Prostate Cancer

Basic Facts

      • Prostate cancer is the second most common cancer diagnosed in American men after skin cancer. It is the most common solid tumor in men. The American Cancer Society estimates 232,000 cases will be diagnosed in the United States in 2005.
      • In more than two-thirds of men diagnosed with the disease, cancer is confined to the prostate.
      • Prostate cancers found through common screening tests are, on average, smaller and more contained than cancers discovered when the patient notices symptoms.
      • Prostate cancer is very common, occurring in 70 percent of men in their 70s and 28 percent of men in their 40s.

Bladder cancer occurs when healthy cells in the bladder start to grow at an unusually fast rate. The increased tissue growth produces masses called tumors, or cancers.

There are three main types of bladder cancer:

      • Transitional cell carcinoma (TCC) arises from the cells that line the bladder and is the most common form.
      • Squamous cell carcinoma also comes from the lining cells, but grow differently than TCC.
      • Adenocarcinoma, the rarest form, comes from glandular cells in the bladder wall.


In most cases, bladder cancer has no symptoms in its earliest stages. The following bodily changes may be warning signs::

      • Hematuria, or blood in the urine;
      • Frequent urination or a sense of urgency to urinate with no success; and
      • Painful or burning sensations during urination.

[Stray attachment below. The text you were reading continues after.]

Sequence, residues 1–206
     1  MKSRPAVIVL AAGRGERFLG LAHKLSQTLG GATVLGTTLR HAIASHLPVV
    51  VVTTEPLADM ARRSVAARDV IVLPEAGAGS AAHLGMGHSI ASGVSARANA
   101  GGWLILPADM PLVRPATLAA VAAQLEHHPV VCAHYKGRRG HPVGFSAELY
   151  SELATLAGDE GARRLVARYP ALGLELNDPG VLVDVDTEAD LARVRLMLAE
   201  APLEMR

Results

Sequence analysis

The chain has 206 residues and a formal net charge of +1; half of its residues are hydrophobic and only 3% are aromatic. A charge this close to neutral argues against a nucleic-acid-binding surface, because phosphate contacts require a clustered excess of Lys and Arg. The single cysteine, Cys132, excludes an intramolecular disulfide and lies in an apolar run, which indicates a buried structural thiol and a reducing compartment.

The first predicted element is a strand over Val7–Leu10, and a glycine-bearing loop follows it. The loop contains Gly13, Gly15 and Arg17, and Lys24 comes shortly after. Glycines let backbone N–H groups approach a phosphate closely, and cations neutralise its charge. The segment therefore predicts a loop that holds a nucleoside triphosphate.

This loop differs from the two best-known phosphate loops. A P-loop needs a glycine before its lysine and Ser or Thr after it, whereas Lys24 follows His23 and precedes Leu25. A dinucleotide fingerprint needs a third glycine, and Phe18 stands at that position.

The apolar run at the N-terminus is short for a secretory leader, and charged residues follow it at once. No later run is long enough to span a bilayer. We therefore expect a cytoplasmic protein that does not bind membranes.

These symptoms can also result from other conditions such as a bladder infection, a benign (non-cancerous) tumor, kidney disease, bladder stones, or, in men, an enlarged prostate gland.


The cause of transitional cell carcinoma is unknown, but industrial chemicals and other environmental factors appear to play a significant role.

Risk factors include:

      • Smoking;
      • Occupational Exposure, such as arylamines;
      • Age between 68 and 69; and
      • Male gender and Caucasian or European-American ancestry.


A cystoscopy is the test most frequently used to diagnose bladder cancer. In a cystoscopy, a physician inserts a telescope-like device into the urethra, which allows the physician to view the inside of the bladder.


Treatment for bladder cancer depends on the type of tumor and the extent to which the cancer has spread. Once a tumor is discovered, patients usually receive an endoscopy-a surgical procedure in which visible areas of tumor are removed. This is done to determine the stage (growth) and grade (level of seriousness) of the tumor.

For superficial tumors, treatment is usually straightforward and centers on either removal of the tumor alone, with frequent monitoring of the bladder, or removal of the tumor combined with intravesical therapy. Intravesical therapy places chemotherapy or immunotherapy drugs in the bladder to minimize or even prevent tumors from recurring.

Deeper tumors require more aggressive treatments. These may include:

      • Cystectomy: Surgical removal of part of the bladder or the entire bladder and its surrounding organs (known as a radical cystectomy).
      • Cystoscopic monitoring and intravesical therapy: Placing chemotherapy or immunotherapy drugs in the bladder.
      • Radiation therapy: In radiation, high-energy rays prevent cells from growing and dividing.
      • Systemic chemotherapy: This form of chemotherapy is taken by mouth or injected, so it travels through the bloodstream to nearly all parts of the body.


Because the major risk factors for bladder cancer are environmental, rather than hereditary, the prospects for preventing this cancer from occurring are promising if the patient:

      • Stops smoking;
      • Reduces chemical exposure; and
      • Improves nutrition.
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